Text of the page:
And I got recruited by them and played for that high school. A real great opportunity. So you went to Princeton and you graduated in 1980 from Princeton. And were you a star in the hockey world at Princeton. And did you think you could go to the NHL or not. Really. I thought starting out I could go to the NHL. And I quickly learned that the competitiveness of college hockey was probably not the NHL. Was wasn't in my future but I was OK. I was a state player and I was decent but certainly not
a star. Did you lose a lot of your teeth playing hockey and Princeton or not at Princeton. ISE. I have lost four teeth playing hockey. Playing hockey broke my jaw in three different places lost four teeth and I got more than a hundred stitches in my face. So I have a face for radio. Dave when you were at Princeton did a lot of people say I want to be in the military. Are most of your classmates going into something like private equity or hedge funds or Goldman Sachs. And so were you an outlier by being in the military at Princeton. Oh yeah for sure. So I grew up in a neighborhood that emphasized patriotism and the opportunity that this country was an amazing country that you know that you have opportunities that are not available elsewhere. So I was early on I decided that I did want to serve.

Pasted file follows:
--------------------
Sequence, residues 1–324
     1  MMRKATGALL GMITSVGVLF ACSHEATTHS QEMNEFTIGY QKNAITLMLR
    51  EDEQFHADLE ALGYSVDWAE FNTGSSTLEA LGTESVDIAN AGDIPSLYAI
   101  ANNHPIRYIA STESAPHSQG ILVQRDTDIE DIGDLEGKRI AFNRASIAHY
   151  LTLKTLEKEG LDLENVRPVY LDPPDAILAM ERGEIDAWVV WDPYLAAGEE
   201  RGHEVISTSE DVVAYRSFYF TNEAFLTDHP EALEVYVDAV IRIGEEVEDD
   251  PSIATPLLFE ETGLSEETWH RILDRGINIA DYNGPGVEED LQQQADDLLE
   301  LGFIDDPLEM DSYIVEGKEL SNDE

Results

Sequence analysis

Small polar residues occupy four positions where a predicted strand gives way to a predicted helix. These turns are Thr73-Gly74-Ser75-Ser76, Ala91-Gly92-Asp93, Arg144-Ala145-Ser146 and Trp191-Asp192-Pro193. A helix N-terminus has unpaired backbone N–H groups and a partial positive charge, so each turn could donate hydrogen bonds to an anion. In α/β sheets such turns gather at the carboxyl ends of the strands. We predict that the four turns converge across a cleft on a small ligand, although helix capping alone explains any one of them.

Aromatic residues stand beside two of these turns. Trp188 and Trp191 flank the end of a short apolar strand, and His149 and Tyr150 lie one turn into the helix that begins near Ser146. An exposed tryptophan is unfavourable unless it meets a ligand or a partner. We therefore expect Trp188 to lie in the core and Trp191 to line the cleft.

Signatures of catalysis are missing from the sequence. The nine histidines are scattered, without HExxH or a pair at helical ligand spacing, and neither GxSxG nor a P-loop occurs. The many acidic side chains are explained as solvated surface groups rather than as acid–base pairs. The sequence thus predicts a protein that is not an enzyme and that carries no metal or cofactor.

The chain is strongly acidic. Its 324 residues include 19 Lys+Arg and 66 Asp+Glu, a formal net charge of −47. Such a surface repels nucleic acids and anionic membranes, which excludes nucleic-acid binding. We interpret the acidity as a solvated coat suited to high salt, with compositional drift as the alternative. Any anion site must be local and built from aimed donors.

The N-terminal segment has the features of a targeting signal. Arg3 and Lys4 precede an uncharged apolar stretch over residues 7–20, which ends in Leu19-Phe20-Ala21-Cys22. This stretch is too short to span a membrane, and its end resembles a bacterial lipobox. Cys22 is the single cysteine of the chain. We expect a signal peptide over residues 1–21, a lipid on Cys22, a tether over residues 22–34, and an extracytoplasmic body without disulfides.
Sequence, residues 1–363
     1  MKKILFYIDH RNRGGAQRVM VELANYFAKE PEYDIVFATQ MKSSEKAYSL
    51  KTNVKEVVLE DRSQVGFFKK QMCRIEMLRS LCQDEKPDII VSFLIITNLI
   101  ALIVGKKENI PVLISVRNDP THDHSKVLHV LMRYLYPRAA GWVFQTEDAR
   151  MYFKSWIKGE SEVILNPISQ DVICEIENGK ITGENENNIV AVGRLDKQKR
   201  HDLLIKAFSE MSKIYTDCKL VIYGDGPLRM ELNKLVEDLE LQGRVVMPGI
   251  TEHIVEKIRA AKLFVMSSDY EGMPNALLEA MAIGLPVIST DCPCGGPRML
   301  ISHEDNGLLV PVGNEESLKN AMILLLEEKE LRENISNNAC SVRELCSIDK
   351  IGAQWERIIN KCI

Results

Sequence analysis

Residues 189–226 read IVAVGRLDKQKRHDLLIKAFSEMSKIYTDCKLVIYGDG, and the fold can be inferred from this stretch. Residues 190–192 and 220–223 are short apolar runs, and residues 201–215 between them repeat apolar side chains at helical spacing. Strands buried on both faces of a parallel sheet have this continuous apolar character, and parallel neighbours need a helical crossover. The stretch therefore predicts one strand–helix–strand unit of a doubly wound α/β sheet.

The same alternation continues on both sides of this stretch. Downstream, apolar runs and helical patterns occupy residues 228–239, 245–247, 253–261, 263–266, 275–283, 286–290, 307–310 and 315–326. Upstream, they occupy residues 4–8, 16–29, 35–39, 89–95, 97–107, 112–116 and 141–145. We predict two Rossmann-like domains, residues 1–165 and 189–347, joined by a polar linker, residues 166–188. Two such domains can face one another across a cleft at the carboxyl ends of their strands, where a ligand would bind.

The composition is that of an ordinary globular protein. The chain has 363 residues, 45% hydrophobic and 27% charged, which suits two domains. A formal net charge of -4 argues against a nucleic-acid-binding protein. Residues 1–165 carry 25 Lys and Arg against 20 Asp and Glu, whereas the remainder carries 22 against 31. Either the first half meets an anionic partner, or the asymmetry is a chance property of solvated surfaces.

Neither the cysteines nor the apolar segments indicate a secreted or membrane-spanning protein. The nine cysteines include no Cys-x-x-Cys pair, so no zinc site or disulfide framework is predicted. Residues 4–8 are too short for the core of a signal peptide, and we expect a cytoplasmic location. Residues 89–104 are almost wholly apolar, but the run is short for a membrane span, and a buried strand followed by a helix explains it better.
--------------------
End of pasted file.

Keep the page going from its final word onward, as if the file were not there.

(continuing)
I want to be an NHL. But I wanted to serve my country as well. So when I went to school there was an opportunity to join ROTC and I did that. So I played hockey joined ROTC and tried to study once as well. And in the ROTC program. I was attracted to it again. I thought I never thought I'd make a career in the military. I thought I'd come in and do my four years. I had a scholarship do my four years and then get out move on as you say. All right. So you go into the military and after four years you can discharge your obligation your ROTC obligation and then you can go into you know whatever you want to do. But you decided to make it a career is that right. Well I decided to take it in small chunks. I really enjoyed the military. I was in the infantry and special forces. And and I wanted to